The Milwaukee Journal – 17 Nov 1975

Jim Jacoby was one of the world’s greatest bridge players. He inherited his bridge skill, from his father, Oswald Jacoby, who battled against Ely Culbertson in the celebrated Culbertson-Lenz match in 1930-31 and became one of the greatest figures in the game. The son won his first national title in 1955 at the age of 22, and went on to win 15 more.

Jim: There is an opening lead made on every hand. Sometimes it doesn’t make any difference what you lead. On other occasions it means the difference between making and losing the contract.

Oswald: Against a slam contract your first decision must be whether or not to attack: your second, where to attack if an attack appears to be called for.

Dealer North E/W Vul

10 7
J 8 4
A K Q 8 6 3
J 5
K 4
Q 6 3
7 3
Q 10 8 4 3 2
6 2
K 9 7 5 2
10 4
K 9 7 6
A Q J 9 8 5 3
A 10
J 9 2
West North East South
Pass 1 Pass 2
Pass 3 Pass 3
Pass 4 Pass 4NT
Pass 5 Pass 6
Pass Pass Pass

Opening lead: 3

Jim: Now take a look at the West hand. You hold the king of trumps and two queens, yet your opponents have galloped into a slam. You expect your king of trumps will be a winner South has bid two, three and six spades. Where is the other trick going to come from?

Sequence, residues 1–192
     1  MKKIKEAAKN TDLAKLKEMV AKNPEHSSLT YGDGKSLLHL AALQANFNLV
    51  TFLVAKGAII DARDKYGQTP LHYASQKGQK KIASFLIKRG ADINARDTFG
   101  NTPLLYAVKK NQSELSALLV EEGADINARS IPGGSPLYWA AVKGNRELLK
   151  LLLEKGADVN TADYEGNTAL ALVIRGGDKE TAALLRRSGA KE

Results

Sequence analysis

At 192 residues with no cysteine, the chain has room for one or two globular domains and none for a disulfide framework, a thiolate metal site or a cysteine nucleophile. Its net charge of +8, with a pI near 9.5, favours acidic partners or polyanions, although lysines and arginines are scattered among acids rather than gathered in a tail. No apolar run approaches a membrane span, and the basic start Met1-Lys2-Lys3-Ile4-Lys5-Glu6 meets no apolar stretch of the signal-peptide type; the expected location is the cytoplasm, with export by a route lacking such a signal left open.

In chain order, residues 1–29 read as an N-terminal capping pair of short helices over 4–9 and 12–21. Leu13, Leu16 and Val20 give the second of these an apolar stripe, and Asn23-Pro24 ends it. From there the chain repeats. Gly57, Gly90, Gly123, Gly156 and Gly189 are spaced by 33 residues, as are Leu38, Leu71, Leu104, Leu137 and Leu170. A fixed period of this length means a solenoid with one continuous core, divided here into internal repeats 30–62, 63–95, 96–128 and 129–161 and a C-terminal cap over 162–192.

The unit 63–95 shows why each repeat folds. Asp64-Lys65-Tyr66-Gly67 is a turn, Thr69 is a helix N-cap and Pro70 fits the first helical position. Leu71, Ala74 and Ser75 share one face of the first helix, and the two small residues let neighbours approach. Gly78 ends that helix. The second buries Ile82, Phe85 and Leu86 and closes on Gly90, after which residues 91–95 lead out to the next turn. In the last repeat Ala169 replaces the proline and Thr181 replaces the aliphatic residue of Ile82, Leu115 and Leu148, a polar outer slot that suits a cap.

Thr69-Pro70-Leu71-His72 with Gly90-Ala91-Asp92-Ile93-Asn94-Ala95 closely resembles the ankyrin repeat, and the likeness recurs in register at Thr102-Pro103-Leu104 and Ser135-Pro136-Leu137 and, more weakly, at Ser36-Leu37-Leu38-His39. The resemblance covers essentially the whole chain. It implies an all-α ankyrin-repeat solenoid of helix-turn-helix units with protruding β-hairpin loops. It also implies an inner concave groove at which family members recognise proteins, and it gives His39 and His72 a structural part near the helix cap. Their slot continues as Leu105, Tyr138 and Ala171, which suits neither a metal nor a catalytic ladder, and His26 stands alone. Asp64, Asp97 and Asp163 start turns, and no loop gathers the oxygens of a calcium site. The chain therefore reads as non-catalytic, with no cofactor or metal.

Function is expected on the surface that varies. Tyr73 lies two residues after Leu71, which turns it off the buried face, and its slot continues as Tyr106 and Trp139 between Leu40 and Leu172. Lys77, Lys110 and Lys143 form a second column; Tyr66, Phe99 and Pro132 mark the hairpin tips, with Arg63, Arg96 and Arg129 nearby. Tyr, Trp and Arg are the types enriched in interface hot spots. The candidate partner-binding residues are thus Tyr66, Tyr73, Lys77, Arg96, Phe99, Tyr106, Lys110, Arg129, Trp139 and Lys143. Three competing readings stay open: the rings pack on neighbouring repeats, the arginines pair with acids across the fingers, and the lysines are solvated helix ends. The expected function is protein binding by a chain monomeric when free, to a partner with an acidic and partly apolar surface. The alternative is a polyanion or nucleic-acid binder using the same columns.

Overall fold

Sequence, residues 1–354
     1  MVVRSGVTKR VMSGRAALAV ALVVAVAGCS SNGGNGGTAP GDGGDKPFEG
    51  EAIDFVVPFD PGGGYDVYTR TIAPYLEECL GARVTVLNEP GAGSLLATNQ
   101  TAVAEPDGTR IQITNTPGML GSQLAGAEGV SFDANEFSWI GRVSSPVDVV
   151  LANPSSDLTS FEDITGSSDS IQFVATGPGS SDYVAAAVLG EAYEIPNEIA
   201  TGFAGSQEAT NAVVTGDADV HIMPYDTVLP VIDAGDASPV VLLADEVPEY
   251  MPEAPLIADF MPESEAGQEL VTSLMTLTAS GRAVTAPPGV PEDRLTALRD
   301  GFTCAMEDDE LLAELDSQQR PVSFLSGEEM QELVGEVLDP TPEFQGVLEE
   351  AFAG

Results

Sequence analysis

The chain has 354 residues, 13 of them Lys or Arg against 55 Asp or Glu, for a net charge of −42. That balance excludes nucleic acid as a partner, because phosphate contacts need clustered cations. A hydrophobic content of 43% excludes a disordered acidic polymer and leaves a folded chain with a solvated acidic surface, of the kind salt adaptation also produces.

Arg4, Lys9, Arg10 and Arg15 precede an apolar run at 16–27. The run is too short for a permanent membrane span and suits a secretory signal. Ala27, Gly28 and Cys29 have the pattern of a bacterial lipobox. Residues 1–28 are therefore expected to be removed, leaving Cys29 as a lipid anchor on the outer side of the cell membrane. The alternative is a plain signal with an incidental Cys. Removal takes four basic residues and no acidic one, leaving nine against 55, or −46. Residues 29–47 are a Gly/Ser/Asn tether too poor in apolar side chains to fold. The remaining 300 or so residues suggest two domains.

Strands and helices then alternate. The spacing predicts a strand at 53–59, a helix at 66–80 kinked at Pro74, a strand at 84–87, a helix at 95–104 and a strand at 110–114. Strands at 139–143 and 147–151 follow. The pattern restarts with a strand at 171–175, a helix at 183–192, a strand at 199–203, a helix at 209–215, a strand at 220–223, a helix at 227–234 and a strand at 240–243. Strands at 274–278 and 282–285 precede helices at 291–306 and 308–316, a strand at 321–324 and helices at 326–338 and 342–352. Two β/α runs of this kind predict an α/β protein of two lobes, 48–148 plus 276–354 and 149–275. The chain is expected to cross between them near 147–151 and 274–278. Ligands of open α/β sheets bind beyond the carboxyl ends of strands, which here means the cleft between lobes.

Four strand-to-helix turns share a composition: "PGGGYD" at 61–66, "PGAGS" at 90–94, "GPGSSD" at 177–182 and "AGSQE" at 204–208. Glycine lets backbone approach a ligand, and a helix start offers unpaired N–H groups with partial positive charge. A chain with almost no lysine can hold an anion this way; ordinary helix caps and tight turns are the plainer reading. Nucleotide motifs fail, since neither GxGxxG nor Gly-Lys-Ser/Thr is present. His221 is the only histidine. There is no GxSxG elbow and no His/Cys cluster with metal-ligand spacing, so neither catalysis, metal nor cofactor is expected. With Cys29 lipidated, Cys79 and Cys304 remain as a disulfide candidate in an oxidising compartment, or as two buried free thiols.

Oswald: If it is going to come from diamonds your partner will have a diamond trick that will keep. If it is going to come from hearts or clubs, then you had better lead one of those suits right away.

Jim: The suit to attack in is clearly your short one. You only have three hearts. There is a good chance that you will score a heart trick if your partner holds the king. You lead it and North-South complain of bad luck. Lead anything else and they score the slam.